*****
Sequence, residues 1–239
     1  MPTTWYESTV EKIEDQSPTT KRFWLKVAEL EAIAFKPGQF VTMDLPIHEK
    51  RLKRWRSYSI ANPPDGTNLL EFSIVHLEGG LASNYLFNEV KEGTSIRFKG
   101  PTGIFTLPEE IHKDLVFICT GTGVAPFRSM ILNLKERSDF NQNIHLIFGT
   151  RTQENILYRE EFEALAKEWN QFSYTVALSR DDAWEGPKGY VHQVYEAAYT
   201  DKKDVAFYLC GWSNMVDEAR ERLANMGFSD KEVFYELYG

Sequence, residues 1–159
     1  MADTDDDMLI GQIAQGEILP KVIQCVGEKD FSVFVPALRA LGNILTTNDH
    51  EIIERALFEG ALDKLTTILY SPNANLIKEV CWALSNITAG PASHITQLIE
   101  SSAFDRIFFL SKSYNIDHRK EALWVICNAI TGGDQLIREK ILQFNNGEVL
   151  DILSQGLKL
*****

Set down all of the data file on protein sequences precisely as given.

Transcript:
Sequence, residues 1–239
     1  MPTTWYESTV EKIEDQSPTT KRFWLKVAEL EAIAFKPGQF VTMDLPIHEK
    51  RLKRWRSYSI ANPPDGTNLL EFSIVHLEGG LASNYLFNEV KEGTSIRFKG
   101  PTGIFTLPEE IHKDLVFICT GTGVAPFRSM ILNLKERSDF NQNIHLIFGT
   151  RTQENILYRE EFEALAKEWN QFSYTVALSR DDAWEGPKGY VHQVYEAAYT
   201  DKKDVAFYLC GWSNMVDEAR ERLANMGFSD KEVFYELYG

Sequence, residues 1–159
     1  MADTDDDMLI GQIAQGEILP KVIQCVGEKD FSVFVPALRA LGNILTTNDH
    51  EIIERALFEG ALDKLTTILY SPNANLIKEV CWALSNITAG PASHITQLIE
   101  SSAFDRIFFL SKSYNIDHRK EALWVICNAI TGGDQLIREK ILQFNNGEVL
   151  DILSQGLKL